Photo by James A. McBride
Above left: Danny O’Shea, Aaron Belz and Jade Campbell take a photo with a cardboard cut-out Pope Francis, during Youth Congress event at Incarnation Parish in Mantua on April 13. Right, Brittany Oehler, Cecelia Shively, Bryanna Garcia and Abigail Ortiz prepare meals to be sent to Burkina Faso.
Youth of the Camden Diocese learned how to “know, love and serve” God at the annual Youth Congress with a day of prayer, liturgy and making meals for the hungry on April 13.
Coming together at Incarnation Parish in Mantua, the 260 youth and leaders, representing more than 30 parishes and schools in the diocese, participated in a meal-packaging event sponsored by two organizations: Catholic Relief Services and Stop Hunger Now.
Bishop Dennis Sullivan celebrated Mass for the group, and speakers discussed the importance of Christian service.
Guided by individuals of Stop Hunger Now, the youth packaged 27,000 meals of fortified rice and soy that will go to community homes, orphanages and other Catholic Relief Services programs in Burkina Faso. They will feed children; young girls who have run away from arranged marriages; widows; the elderly and sick; and individuals with disabilities.
Burkina Faso, located in West Africa, is one of the poorest countries in the world. Its constant cycles of drought and flooding have affected farming and caused a widespread food shortage.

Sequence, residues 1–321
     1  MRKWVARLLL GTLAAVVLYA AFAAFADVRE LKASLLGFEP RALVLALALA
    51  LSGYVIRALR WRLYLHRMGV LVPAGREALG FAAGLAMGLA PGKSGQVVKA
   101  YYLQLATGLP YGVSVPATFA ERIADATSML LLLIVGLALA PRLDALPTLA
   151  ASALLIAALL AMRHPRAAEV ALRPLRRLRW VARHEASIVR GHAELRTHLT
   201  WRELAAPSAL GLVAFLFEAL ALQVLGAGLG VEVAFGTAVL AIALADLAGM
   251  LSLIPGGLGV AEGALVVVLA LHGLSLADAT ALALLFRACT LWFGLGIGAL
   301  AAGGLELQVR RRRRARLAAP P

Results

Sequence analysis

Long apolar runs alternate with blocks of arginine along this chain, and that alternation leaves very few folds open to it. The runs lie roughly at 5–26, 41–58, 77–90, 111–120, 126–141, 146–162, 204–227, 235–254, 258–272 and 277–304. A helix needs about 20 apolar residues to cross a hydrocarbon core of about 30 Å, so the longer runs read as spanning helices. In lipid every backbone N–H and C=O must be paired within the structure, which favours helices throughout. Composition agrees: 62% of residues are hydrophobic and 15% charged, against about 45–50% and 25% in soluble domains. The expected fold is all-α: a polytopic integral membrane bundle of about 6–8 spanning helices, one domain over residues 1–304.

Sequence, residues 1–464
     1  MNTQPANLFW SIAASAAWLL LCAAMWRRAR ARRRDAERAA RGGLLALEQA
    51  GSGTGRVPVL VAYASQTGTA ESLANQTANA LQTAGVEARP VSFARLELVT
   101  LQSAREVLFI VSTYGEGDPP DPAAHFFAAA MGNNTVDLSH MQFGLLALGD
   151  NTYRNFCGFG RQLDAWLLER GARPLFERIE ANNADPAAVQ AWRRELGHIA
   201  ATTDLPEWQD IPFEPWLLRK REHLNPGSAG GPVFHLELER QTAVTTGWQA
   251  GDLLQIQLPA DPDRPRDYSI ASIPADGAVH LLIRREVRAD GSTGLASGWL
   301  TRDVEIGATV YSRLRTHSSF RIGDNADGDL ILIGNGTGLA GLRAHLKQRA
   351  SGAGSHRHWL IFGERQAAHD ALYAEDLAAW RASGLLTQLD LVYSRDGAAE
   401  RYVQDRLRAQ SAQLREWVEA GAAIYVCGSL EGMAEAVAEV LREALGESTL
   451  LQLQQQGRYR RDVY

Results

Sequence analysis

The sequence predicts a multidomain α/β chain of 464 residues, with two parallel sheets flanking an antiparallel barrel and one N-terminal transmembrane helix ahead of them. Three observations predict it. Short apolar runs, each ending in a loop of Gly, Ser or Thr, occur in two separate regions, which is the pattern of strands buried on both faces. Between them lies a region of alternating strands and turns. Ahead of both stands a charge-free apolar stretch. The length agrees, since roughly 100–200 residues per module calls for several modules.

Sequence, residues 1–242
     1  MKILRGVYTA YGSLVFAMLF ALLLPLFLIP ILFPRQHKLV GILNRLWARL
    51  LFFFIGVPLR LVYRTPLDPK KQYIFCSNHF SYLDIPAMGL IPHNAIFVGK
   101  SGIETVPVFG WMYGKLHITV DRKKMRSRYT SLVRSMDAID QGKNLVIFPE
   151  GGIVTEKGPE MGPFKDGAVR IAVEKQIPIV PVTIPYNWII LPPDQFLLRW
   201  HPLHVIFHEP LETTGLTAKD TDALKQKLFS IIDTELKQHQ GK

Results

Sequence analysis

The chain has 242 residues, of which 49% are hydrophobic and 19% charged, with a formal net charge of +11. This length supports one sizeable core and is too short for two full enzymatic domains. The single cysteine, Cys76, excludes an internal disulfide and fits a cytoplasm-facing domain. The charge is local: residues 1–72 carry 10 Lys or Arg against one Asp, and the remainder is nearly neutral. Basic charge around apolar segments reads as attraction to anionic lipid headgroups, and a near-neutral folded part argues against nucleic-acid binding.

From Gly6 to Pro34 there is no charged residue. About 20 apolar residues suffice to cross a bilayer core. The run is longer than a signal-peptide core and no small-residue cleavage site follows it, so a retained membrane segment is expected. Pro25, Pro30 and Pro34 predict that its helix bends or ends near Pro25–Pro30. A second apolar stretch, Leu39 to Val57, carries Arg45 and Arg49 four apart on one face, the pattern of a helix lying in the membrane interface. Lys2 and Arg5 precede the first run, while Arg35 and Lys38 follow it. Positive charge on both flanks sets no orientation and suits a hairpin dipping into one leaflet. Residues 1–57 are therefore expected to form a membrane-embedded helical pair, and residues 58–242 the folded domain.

Stop Hunger Now trucked in the food and supplies and organized the “Helping Hands” meal-packaging. Catholic Relief Services will deliver the meals to warehouses in Burkina Faso, to be distributed to its local partners that serve the most vulnerable populations in the country.
Consistent with the day’s intention to help youth better understand the importance of serving others, guest speakers Thomas Awiapo, of Catholic Relief Services in Ghana, and David Bisono, the Hispanic youth coordinator for the charismatic renewal and director and founder of Jovenes de Valor and Radio Clamor in Brooklyn, New York, shared thoughts on poverty and hunger, and on living lives as committed disciples of Jesus.
An orphan at the age of 10, Awiapo survived poverty and hunger in his small African Village before he was able to earn a master’s degree from California State University. Today, he trains community leaders throughout Ghana for Catholic Relief Services.
Awiapo was powerful in sharing his personal story of poverty, remarked Alie Smith, youth minister of Mary, Queen of All Saints Parish in Pennsauken.
“The speakers were excellent, the day had a good message, and the meal-making drove it home,” added Smith, who attended the event with seven youth from her parish.
During the day, youth also created their own Prayers for Hunger, and took “selfies” with a cardboard cut-out of Pope Francis.
Bishop Dennis Sullivan celebrated a 5 p.m. Mass with the youth at Incarnation Church and acknowledged their work throughout the day, noting that their sacrificing their day to make meals for their needy brothers and sisters was similar to the love of Jesus, who sacrificed himself for all men and women.
The day “was amazing, to see how the young people and the Catholic Church came together,” said Greg Coogan, director of Youth Ministries for the Diocese of Camden.
“These meals really do save lives.”